a probe holding assembly for holding the probe head in adjacent relation with the web during the measurement period and being mounted to move the probe head along the longitudinal axis of the web;
means for causing the probe holding assembly to move the probe head along the longitudinal axis of the web just prior to the measurement period until the locating means engages the indexing means whereby the probe means is properly aligned with the coated element to be measured.
2. The improved backscatter measuring device according to claim 1 wherein the indexing means comprise index holes and the locating means comprises a spring loaded pin.
3. The improved backscatter measuring device according to claim 1 further including means for selectively positioning the probe head laterally across the web.
4. A backscatter measuring device for measuring the thickness of a coating on an element of substrate material forming a portion of a web, the web having indexing means along an edge thereof and being moved continuously at a predetermined speed from a feed supply to a take-up location comprising:
a measurement wheel having a rim and an axle of rotation and being rotated at a speed of rotation such that the tangential speed of a point on the rim is equal to the predetermined speed of the moving webs;
means for feeding the web into frictional engagement with an outer portion of the rim in a direction such that the direction of movement of the web corresponds to the direction of rotation of the rim whereby a point on the rim of the measurement wheel and an adjacent point on the web are stationary relative to one another while the measurement wheel is rotating;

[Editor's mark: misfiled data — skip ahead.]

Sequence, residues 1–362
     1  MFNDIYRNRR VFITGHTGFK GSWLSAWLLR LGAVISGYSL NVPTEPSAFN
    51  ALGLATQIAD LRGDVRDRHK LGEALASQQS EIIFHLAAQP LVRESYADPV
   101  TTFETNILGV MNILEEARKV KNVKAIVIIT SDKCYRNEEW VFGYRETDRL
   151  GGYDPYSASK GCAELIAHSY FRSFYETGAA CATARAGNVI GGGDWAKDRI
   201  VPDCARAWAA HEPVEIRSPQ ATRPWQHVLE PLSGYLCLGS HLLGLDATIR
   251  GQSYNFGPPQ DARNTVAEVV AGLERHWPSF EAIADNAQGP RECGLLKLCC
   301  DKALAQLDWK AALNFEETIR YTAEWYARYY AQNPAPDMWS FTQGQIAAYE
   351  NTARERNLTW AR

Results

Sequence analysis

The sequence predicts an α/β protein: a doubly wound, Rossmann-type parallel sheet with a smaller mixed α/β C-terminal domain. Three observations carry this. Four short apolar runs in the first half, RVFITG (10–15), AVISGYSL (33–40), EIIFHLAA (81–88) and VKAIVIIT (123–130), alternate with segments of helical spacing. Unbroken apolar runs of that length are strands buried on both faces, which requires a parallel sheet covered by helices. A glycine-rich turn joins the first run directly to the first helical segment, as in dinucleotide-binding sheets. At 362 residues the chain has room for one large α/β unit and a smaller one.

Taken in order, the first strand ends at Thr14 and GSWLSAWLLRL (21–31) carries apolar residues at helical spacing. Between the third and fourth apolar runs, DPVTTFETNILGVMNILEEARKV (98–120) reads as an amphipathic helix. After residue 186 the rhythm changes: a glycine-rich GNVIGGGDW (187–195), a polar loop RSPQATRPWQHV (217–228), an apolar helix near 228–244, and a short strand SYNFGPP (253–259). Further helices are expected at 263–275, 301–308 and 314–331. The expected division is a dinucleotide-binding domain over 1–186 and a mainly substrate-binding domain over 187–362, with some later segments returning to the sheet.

a probe head having a probe means for irradiating the coating on the coated substrate material and detecting the backscatter radiation during a measurement period and having locating means for engaging the indexing means;
the probe means and the locating means being positioned on the probe head in the same relation as the element to be measured and the indexing means are positioned on the web;
a probe holding assembly mounted adjacent a rim of the measurement wheel for holding the probe head in adjacent relation with the web during the measurement period and being mounted to move the probe head along the longitudinal axis of the web on the measurement wheel;
actuating means for causing the probe holding assembly to move the probe head along the longitudinal axis of the web just prior to when the element of the web to be measured is about to engage the outer portion of the rim on the measurement wheel until the locating means engages the indexing means whereby the probe means is properly aligned with the coated element to be measured.